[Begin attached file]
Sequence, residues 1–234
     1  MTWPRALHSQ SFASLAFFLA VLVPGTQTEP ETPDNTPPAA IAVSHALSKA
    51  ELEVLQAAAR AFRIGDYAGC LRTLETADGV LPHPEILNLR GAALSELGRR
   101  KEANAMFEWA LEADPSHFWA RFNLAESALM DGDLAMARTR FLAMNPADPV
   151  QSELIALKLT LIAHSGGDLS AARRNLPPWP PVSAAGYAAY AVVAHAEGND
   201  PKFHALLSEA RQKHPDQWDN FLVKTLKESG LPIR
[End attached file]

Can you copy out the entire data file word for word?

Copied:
Sequence, residues 1–234
     1  MTWPRALHSQ SFASLAFFLA VLVPGTQTEP ETPDNTPPAA IAVSHALSKA
    51  ELEVLQAAAR AFRIGDYAGC LRTLETADGV LPHPEILNLR GAALSELGRR
   101  KEANAMFEWA LEADPSHFWA RFNLAESALM DGDLAMARTR FLAMNPADPV
   151  QSELIALKLT LIAHSGGDLS AARRNLPPWP PVSAAGYAAY AVVAHAEGND
   201  PKFHALLSEA RQKHPDQWDN FLVKTLKESG LPIR